Recently J and I joined the Turkish SGK health insurance scheme; we’d heard good reports from others and our existing private insurance couldn’t be upgraded because of our ages. The Turkish scheme takes you whatever your age and regardless of any pre-existing conditions and it will cover your prescriptions – seemed like a pretty reasonable deal to us. If you use the state hospitals and clinics there are no hidden extras, if you go private you just cough up any difference between what the state pays for and the private institution’s bill.
Anyway, J and I were getting short on a few of the pills and potions we use to put off using the body-washing and wrapping service provided by the local authorities, so we went to see our new ‘family doctor’. He wrote out our prescriptions but told us there were several of the drugs that required a report by the specialist at the hospital before the pharmacist would supply them. Daft thing is that if you are paying with cash you can get just about anything over the counter with no prescription and no check ups.
We were duly seen and issued with several bits of paper covered with stamps, signatures and assorted stickies. Back to the pharmacist where we discovered that these bits of paper were not ‘reports’ and we needed ‘reports’. So, back to the hospital – now, I could go on in great detail because this routine was repeated a couple more times, but I won’t!
It seems that the doctors will issue prescriptions based on the blood tests we had but if we want the state to pick up the tab (which we do) then we have to be properly examined. The twist in all this is that, in my case, some of my blood readings were slightly out and so because of my age I got my prescriptions free. J, on the other hand, because her drugs had her under control (I should be that lucky) and she was within every one of her limits was deemed by the system to not qualify! Can you believe this? This is how the system works (or doesn’t in J’s case), the fact that she is stabilised because she takes certain drugs disqualifies her from getting those drugs supplied free.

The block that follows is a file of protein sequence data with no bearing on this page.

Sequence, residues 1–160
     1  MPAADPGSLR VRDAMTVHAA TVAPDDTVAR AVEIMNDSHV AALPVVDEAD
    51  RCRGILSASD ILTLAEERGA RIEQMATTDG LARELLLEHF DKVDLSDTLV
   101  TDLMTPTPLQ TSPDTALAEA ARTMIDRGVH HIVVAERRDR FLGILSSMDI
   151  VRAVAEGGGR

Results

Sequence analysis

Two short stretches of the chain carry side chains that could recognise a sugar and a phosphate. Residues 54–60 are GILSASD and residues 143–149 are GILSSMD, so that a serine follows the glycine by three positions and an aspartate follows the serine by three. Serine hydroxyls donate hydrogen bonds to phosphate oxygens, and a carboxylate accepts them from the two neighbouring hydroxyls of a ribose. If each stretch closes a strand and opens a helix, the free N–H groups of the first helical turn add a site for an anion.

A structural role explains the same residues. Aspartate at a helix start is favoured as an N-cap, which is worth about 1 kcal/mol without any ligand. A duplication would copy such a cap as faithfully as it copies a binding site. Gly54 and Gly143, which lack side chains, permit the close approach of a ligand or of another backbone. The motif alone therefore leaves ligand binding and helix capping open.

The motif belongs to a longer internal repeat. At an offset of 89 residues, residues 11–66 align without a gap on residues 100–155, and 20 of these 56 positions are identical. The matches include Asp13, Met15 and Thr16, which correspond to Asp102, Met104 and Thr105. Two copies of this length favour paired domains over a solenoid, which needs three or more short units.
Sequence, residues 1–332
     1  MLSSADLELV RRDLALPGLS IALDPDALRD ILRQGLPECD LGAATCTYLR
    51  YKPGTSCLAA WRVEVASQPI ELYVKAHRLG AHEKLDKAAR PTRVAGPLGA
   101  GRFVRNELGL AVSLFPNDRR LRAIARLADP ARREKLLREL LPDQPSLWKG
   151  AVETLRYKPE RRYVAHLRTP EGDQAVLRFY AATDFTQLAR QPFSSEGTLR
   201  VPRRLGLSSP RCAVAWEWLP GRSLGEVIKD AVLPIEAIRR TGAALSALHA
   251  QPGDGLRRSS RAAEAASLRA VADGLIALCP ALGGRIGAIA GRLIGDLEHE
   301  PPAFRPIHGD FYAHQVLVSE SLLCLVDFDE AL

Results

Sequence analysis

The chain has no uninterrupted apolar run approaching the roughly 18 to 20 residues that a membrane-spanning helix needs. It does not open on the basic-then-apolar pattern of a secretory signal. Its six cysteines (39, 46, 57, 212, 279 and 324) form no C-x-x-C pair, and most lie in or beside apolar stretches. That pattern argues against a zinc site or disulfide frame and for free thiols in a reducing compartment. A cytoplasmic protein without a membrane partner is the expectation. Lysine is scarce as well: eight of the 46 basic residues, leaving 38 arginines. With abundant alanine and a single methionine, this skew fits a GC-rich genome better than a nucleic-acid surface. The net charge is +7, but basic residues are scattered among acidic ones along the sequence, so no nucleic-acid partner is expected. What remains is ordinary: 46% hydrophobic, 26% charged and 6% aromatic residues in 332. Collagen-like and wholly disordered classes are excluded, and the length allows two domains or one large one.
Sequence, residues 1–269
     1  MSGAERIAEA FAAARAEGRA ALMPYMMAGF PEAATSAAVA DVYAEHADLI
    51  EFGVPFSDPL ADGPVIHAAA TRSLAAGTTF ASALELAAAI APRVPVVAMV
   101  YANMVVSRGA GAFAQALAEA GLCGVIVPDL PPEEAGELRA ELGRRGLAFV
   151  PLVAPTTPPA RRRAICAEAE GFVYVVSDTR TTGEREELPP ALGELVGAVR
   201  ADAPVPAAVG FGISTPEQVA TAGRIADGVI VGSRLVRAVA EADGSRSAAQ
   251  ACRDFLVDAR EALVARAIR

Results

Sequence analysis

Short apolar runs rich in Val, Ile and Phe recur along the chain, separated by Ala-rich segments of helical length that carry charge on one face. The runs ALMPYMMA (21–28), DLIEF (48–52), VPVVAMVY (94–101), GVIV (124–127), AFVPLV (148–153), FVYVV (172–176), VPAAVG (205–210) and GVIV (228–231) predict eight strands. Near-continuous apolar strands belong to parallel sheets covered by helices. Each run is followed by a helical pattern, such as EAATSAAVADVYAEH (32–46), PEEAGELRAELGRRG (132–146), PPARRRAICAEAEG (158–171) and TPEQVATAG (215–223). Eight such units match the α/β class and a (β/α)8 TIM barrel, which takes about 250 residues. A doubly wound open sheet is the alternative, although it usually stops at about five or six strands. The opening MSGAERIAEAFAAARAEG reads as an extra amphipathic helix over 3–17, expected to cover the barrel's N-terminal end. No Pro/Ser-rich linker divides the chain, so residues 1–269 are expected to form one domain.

We put it to the doctor that perhaps both of us should knock off taking our stuff for a week prior to our next examination to ensure we weren’t too healthy when we were examined! He laughed but then sort of shrugged in agreement. I mean, what do they do with someone who is, for example, a paranoid schizophrenic with delusions of being Jack the Ripper – ‘Sorry mate, can’t help you. Come back in a couple of weeks when Jack’s around and we’ll see what we can do.’ This is a system created, set up and run by bureaucrats for bureaucrats who, apparently change the rules several times a day, and the doctors admit that their hands and feet are tied along with their prescription pads.
So, renewing our prescriptions actually took from 10 in the morning until nearly 5 in the afternoon; we were both hacked off and pretty knackered by it all. The final bit that had to be done was for J to be examined by a doc to get her hormone replacement prescription – she disappeared for about half an hour and when she came back it was a good news-bad news thing; the bad news was that after all that buggering about she couldn’t have the drug because it wasn’t on the list; the good news? The lady ‘ladies’ doctor was wonderfully efficient and J got a full ‘ladies check up’ thrown in for free, and the cream on the cake (if I can call it that)? everything is tickety-bo! Not such a wasted day after all.
Oh! by the way, so many foreign residents have elected to join this system and such is the chaos this has added to that which is already inherent in this system ‘of bureaucrats, by bureaucrats, for bureaucrats’ that they have had to suspend any further enrollments, so, if you’re not in yet – ‘tough tittie’ you could well die of something before you get to share in the frustration.
Alan Fenn, Okçular Köyü